Is the Solar-Powered Electric Vehicle Revolution Imminent

Among the dozens of new electric vehicles on the market, hardly any are equipped with photovoltaic panels that can fill their batteries with solar power. Some models come with solar arrays from the factory, but they are the exception rather than the norm.

But why? The simple answer is that solar panels don’t produce enough electricity to justify their cost, especially for automakers building hundreds of thousands of vehicles each year. That doesn’t mean they’re absent from all passenger cars, just that they’re rare, even among fully electric vehicles.

Let’s find out which production cars have factory-fitted solar panels, examine in detail why they’re not more popular, and look to the future.

Why aren’t solar panels more common in electric vehicles?

Manufacturers opt to give solar panels to their electric vehicles because, while they provide some extra power, they don’t make enough to make it worthwhile. Even in vehicles that have these, ranges are short.

This means that the electricity they generate is not used to top up the vehicle’s battery, but to help run some secondary systems such as climate control and lighting. You need a lot of surface area covered by solar cells to produce a meaningful amount of electricity – which is why Tesla provides solar panels for your home.

However, according to the International Renewable Energy Agency (IRENA), the cost of a photovoltaic cell per watt is expected to be $0.27 in 2022, compared to $2.15 in 2010. become more common (and their range is one of the major selling points.)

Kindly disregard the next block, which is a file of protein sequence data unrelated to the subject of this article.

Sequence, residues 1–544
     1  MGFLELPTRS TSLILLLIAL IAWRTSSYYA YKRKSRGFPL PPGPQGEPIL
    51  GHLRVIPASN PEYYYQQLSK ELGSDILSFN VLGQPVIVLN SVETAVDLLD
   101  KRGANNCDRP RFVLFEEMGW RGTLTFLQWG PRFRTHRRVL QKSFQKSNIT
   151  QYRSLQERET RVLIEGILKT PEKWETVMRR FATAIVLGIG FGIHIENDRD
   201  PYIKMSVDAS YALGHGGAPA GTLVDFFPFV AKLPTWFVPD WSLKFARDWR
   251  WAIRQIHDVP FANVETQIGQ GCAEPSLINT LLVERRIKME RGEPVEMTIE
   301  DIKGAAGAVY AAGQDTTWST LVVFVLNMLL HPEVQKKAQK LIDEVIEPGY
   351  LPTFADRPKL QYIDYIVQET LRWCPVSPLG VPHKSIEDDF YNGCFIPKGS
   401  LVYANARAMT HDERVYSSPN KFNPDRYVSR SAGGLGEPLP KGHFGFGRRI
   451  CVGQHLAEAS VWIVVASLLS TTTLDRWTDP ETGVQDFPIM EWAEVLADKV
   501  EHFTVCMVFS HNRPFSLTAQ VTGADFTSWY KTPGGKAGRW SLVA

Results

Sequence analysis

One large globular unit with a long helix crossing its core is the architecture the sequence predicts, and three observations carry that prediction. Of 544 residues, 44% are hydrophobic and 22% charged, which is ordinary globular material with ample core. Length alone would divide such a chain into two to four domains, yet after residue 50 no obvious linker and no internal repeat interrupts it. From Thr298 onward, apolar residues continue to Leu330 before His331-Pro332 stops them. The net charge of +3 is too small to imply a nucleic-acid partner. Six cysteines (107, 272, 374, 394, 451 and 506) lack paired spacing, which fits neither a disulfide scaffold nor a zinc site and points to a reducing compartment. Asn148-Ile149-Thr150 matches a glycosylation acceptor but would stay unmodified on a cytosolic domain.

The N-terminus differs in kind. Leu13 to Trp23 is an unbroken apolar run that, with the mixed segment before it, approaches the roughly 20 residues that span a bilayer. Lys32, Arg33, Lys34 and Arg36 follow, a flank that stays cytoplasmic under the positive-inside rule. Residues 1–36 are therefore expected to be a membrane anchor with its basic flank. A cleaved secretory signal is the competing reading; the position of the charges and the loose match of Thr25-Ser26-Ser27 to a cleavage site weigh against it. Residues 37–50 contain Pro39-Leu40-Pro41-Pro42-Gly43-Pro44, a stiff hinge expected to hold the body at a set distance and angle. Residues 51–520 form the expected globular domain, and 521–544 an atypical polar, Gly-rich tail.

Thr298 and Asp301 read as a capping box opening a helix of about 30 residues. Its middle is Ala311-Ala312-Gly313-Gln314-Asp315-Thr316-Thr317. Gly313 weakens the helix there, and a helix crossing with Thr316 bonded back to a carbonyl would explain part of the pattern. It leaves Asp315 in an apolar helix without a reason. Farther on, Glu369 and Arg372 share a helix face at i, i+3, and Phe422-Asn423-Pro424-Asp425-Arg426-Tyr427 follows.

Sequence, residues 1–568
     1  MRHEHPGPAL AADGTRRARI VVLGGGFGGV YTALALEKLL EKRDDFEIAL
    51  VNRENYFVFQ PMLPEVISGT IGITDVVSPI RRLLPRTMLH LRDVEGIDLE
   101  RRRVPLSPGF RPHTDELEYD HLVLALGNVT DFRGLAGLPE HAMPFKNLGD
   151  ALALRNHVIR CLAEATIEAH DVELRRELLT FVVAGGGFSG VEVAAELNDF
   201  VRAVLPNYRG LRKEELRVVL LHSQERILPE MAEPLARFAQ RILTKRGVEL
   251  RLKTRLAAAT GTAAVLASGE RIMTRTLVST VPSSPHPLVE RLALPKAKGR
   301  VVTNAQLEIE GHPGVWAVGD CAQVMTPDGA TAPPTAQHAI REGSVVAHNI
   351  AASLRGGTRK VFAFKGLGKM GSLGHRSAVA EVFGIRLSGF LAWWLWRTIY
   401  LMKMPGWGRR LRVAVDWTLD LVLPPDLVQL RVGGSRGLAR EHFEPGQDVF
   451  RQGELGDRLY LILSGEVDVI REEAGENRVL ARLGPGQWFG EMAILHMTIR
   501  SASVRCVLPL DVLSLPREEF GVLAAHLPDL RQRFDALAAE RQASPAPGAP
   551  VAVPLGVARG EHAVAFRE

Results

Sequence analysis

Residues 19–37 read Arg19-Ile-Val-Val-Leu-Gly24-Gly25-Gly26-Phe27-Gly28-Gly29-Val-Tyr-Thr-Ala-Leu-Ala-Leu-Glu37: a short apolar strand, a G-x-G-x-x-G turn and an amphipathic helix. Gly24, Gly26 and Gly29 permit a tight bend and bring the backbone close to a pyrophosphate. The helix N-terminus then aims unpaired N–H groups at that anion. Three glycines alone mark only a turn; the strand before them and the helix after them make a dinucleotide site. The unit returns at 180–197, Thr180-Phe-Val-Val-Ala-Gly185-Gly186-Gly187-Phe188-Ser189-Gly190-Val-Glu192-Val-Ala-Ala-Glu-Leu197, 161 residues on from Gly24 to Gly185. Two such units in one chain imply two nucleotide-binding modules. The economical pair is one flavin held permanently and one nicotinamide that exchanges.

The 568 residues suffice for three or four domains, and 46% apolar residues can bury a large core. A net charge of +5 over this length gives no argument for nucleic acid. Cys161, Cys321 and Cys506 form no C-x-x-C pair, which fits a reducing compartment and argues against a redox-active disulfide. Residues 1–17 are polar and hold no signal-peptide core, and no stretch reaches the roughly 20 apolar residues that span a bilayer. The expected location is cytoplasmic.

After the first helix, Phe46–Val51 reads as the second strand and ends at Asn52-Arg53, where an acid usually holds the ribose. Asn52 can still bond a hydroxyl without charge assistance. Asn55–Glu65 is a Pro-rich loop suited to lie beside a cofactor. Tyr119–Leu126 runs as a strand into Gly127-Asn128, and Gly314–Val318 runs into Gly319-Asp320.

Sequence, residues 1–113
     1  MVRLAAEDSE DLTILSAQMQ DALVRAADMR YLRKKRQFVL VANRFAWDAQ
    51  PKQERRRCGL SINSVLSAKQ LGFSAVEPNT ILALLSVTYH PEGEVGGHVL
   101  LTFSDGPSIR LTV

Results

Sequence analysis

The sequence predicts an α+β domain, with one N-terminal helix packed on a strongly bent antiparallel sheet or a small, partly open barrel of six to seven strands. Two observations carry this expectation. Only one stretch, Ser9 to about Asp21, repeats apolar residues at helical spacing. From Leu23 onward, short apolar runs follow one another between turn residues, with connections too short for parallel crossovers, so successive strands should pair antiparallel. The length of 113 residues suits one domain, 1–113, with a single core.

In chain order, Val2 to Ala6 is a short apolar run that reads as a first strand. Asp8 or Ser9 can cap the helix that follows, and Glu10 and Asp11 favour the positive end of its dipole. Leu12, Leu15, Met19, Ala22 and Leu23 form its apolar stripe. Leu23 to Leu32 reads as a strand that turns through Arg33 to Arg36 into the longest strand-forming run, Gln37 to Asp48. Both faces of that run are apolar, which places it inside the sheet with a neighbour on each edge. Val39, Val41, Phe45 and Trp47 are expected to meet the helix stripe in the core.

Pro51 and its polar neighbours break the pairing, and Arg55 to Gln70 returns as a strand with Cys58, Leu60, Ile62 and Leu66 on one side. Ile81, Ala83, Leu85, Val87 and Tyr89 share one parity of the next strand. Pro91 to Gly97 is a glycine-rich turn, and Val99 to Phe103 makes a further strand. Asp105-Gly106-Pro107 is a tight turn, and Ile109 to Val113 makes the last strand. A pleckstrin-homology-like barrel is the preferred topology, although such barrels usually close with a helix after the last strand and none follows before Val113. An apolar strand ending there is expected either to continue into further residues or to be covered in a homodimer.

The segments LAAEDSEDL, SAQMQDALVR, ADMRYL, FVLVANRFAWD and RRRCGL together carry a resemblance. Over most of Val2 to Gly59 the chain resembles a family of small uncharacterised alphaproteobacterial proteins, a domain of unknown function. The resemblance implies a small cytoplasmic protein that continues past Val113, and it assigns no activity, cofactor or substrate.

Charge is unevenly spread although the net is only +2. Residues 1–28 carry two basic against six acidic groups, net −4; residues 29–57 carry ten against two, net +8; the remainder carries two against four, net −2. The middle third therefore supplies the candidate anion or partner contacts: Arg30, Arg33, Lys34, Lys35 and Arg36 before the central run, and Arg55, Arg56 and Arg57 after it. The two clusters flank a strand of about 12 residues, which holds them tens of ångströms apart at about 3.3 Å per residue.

Which production cars have solar panels?

Vehicle manufacturers started putting solar panels on their cars long before the advent of mass electric vehicles. For example, Audi offered one on the A8 flagship sedan launched in 1999. It replaced the standard sunroof, and the electricity it generated was used to keep the car’s ventilation on even when the vehicle was parked.

The first Nissan Leaf EV (on sale between 2010 and 2016) was available with a small optional solar panel embedded in the vehicle’s rear spoiler. In this case, the array was designed to top only the vehicle’s 12-volt battery, which did not need to draw from the larger traction battery that drives the hybrid system.

Toyota offered a similar solution for the second-generation Prius hybrid built between 2003 and 2009, but it only provides a trickle in the 12-volt battery, enough to run the climate system.

Then the automaker added a solar roof option to its fourth-generation Prius (sold from 2015 to 2022), but this time it was a much larger array, spanning nearly the entire roof surface. At the time of its launch, Toyota said that with this optional solar roof, the Prius Plug-in could get 10 percent better fuel efficiency, allowing the vehicle to last longer on electricity alone. This option was only offered in Japan and Europe; It didn’t make it to North America.

Excitingly, Toyota announced that it will introduce a solar roof option for the fifth-generation Prius Prime plug-in hybrid, unveiled in late 2022.

The Hyundai Ioniq 5 is another vehicle that comes with an available solar charging option, which the manufacturer says can add up to 3 miles (5 km) of free range every day. This may not sound significant, but it can add up to about 1,240 miles (2,000 km) over the course of a year.

Troubled Development Of Solar Electric Vehicles

One of the most promising solar-powered EVs was the Sono Motors Sion. The product of a German mobility startup, its party piece was the integration of solar cells across all its body panels.

While most vehicles restrict solar arrays to their roof area, the Scion placed them on their hood, quarter panels, doors and even the rear hatch. Sono Motors said it could increase the Scion’s rated WLTP range of 189 miles (305 km) in summer to 124 miles (200 km) per week in summer and about 20 miles (32 km) in winter.

Unfortunately, Sono Motors spun off its electric car business in February 2023 to sell solar vehicle technology to other businesses, so the Sion is unlikely to ever see the light of day again.

Leave a Comment